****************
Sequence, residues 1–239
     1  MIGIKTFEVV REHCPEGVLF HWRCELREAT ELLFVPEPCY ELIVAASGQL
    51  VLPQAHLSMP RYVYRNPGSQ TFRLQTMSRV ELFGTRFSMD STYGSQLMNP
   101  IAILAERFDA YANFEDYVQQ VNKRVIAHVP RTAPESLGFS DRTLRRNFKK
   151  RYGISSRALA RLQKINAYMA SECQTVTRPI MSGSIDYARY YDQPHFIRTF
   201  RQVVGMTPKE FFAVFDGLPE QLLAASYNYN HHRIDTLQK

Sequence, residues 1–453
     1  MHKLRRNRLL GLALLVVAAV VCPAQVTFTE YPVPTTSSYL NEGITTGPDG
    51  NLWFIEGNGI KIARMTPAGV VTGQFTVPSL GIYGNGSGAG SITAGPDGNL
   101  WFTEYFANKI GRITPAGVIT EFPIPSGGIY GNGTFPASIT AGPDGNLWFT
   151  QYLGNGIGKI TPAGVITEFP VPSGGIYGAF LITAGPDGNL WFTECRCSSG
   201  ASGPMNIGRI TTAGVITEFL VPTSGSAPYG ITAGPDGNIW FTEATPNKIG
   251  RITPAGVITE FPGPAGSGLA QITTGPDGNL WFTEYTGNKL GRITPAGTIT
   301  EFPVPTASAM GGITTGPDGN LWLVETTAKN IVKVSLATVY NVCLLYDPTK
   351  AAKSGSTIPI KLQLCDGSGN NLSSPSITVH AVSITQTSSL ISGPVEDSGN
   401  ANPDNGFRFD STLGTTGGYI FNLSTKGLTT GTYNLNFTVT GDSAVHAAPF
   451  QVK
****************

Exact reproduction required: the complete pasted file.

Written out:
Sequence, residues 1–239
     1  MIGIKTFEVV REHCPEGVLF HWRCELREAT ELLFVPEPCY ELIVAASGQL
    51  VLPQAHLSMP RYVYRNPGSQ TFRLQTMSRV ELFGTRFSMD STYGSQLMNP
   101  IAILAERFDA YANFEDYVQQ VNKRVIAHVP RTAPESLGFS DRTLRRNFKK
   151  RYGISSRALA RLQKINAYMA SECQTVTRPI MSGSIDYARY YDQPHFIRTF
   201  RQVVGMTPKE FFAVFDGLPE QLLAASYNYN HHRIDTLQK

Sequence, residues 1–453
     1  MHKLRRNRLL GLALLVVAAV VCPAQVTFTE YPVPTTSSYL NEGITTGPDG
    51  NLWFIEGNGI KIARMTPAGV VTGQFTVPSL GIYGNGSGAG SITAGPDGNL
   101  WFTEYFANKI GRITPAGVIT EFPIPSGGIY GNGTFPASIT AGPDGNLWFT
   151  QYLGNGIGKI TPAGVITEFP VPSGGIYGAF LITAGPDGNL WFTECRCSSG
   201  ASGPMNIGRI TTAGVITEFL VPTSGSAPYG ITAGPDGNIW FTEATPNKIG
   251  RITPAGVITE FPGPAGSGLA QITTGPDGNL WFTEYTGNKL GRITPAGTIT
   301  EFPVPTASAM GGITTGPDGN LWLVETTAKN IVKVSLATVY NVCLLYDPTK
   351  AAKSGSTIPI KLQLCDGSGN NLSSPSITVH AVSITQTSSL ISGPVEDSGN
   401  ANPDNGFRFD STLGTTGGYI FNLSTKGLTT GTYNLNFTVT GDSAVHAAPF
   451  QVK